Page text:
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Report from the Executive Vice President & Director of Research
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Research > Research Departments > Biology

Overview | Awards & Recognition | Photos

John J. Stegeman, chair of the Biology Department (left) with postdoctoral investigators in molecular toxicology Joanna Wilson, a graduate of the MIT/WHOI Joint Program, and Tim Verslycke. (Photo by Tom Kleindinst)
Biology Department research reflects the breadth of the field: from bacteria to whales, from ocean depths to surface waters, from fossils to newly discovered species, and from molecules to global ecosystems. Collaborating with colleagues here and elsewhere, WHOI biologists also develop and refine instruments and techniques that increase the reach of science and bring new information within our grasp.

In 2003, our biologists traveled more than ‘Seven Seas’ for answers to scientific questions. They studied material from the Barents, Bering, and Beaufort seas, and visited the Mediterranean, Ross, and Sargasso seas. They sailed the Pacific and Atlantic oceans, the Sea of Japan, and the Sea of Cortez—and spent time in their own backyards: Long Island Sound, Georges Bank, the Gulf of Maine, and Vineyard Sound.

Some biologists concentrated on small scales of research, while others collaborated in large-scale national or international research programs, such as the Southern Ocean GLOBEC (Global Ocean Ecosystem Dynamics), ECOHAB (Ecology of Harmful Algal Blooms), or National Oceanic and Atmospheric Administration (NOAA) Ocean Exploration programs. Their work uses genetic, molecular, or isotopic techniques and ranges from studying disease-causing organisms in lobsters and clams to how whole communities and populations of marine animals—at vents, seamounts, or in shallower environments—are connected over distances. Some studied genetic responses of marine organisms to environmental pollutants, and others investigated the roles of plankton in the cycling of elements in the ocean and atmosphere; models of population change; or the effectiveness of marine protected areas in maintaining populations.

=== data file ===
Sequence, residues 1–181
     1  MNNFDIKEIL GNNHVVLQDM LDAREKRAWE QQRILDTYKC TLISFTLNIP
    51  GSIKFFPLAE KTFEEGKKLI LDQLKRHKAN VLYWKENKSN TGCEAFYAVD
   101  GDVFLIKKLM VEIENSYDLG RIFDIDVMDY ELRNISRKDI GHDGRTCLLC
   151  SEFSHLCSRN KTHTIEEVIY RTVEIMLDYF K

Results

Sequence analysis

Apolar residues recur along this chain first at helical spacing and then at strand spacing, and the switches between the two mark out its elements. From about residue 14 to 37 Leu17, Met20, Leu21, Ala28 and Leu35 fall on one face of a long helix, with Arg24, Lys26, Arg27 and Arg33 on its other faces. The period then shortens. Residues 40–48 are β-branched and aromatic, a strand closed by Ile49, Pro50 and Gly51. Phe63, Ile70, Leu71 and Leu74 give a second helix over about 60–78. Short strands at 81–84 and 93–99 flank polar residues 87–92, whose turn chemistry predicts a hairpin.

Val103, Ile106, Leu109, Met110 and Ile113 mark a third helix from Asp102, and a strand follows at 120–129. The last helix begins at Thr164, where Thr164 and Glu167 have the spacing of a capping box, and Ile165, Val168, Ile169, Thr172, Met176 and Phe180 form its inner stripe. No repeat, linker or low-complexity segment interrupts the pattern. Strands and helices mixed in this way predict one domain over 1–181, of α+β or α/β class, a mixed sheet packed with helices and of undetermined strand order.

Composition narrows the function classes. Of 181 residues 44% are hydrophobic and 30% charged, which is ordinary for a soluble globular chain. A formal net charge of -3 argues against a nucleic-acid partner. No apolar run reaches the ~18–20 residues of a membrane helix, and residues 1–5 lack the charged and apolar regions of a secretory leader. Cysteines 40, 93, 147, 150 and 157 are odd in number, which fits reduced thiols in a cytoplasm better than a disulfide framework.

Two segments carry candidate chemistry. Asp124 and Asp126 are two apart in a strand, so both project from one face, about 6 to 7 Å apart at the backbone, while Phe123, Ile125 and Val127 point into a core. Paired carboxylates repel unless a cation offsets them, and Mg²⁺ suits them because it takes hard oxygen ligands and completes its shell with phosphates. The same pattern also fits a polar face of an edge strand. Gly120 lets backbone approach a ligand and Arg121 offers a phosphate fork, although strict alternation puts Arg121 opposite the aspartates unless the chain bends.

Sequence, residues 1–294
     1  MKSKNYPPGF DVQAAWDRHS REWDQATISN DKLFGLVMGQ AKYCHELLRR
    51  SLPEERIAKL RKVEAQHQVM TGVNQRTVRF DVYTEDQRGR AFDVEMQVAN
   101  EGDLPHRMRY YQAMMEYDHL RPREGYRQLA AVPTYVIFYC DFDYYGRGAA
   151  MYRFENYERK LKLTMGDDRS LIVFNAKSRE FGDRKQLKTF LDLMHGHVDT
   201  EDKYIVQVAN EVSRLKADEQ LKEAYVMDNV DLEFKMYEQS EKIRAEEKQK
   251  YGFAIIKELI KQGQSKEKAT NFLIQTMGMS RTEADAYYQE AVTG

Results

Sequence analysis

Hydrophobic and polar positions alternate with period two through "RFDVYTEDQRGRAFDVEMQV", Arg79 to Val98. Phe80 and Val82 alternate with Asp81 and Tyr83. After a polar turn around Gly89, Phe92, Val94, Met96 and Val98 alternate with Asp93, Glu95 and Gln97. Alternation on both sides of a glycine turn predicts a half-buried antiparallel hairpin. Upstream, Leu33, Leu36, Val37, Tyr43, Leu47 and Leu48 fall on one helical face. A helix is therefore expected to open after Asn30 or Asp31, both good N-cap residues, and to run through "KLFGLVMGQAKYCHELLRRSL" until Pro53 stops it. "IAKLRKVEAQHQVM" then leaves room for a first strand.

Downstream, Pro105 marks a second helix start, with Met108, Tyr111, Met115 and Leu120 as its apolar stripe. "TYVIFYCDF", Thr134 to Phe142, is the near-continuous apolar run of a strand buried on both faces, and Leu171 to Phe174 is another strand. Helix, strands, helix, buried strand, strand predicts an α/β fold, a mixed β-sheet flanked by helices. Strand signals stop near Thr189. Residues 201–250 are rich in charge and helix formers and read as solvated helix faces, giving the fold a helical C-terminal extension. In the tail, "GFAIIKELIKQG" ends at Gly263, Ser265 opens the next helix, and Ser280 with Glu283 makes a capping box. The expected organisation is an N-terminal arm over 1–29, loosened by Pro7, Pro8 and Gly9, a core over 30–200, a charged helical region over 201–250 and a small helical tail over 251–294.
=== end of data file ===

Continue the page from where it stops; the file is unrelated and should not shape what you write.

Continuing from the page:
Instrument development continued on several fronts. Equipment to sample microbial life in the deep biosphere beneath the ocean floor at hydrothermal vents was tested, as was a new suction collector on Alvin. Data-archiving tags were used to accumulate information about normal whale diving behavior and responses to controlled sound experiments.

A unique instrument system installed at the Martha’s Vineyard Coastal Observatory (MVCO) continuously monitors conditions throughout the water column, collects and identifies images of small animal plankton using imaging technology and artificial intelligence, and transmits data to shore. Also at the MVCO, a continuous automated flow system was deployed to count and identify phytoplankton, producers in the ocean food chain. The long-term data sets these instruments collect will reveal the effects of local climate change on important coastal systems. Another instrument, the Large Area Plankton Imaging System, which produces images of larger plankton, such as jellyfish, was successfully tested at sea.

—John J. Stegeman (jstegeman@whoi.edu)
Department Chair

Related Web Sites
Biology Department
Global Ocean Ecosystem Dynamics (GLOBEC)
Ecology of Harmful Algal Blooms (ECOHAB)
Martha's Vineyard Coastal Observatory (MVCO)